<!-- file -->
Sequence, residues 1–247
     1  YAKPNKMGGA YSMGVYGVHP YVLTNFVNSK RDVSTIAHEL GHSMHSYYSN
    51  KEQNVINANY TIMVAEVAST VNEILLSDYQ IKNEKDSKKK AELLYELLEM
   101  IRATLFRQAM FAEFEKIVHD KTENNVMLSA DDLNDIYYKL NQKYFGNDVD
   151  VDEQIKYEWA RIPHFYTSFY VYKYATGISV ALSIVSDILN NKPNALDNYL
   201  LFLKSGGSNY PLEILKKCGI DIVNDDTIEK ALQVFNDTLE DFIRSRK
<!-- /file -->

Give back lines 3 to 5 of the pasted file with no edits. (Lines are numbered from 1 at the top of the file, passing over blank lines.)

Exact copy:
    51  KEQNVINANY TIMVAEVAST VNEILLSDYQ IKNEKDSKKK AELLYELLEM
   101  IRATLFRQAM FAEFEKIVHD KTENNVMLSA DDLNDIYYKL NQKYFGNDVD
   151  VDEQIKYEWA RIPHFYTSFY VYKYATGISV ALSIVSDILN NKPNALDNYL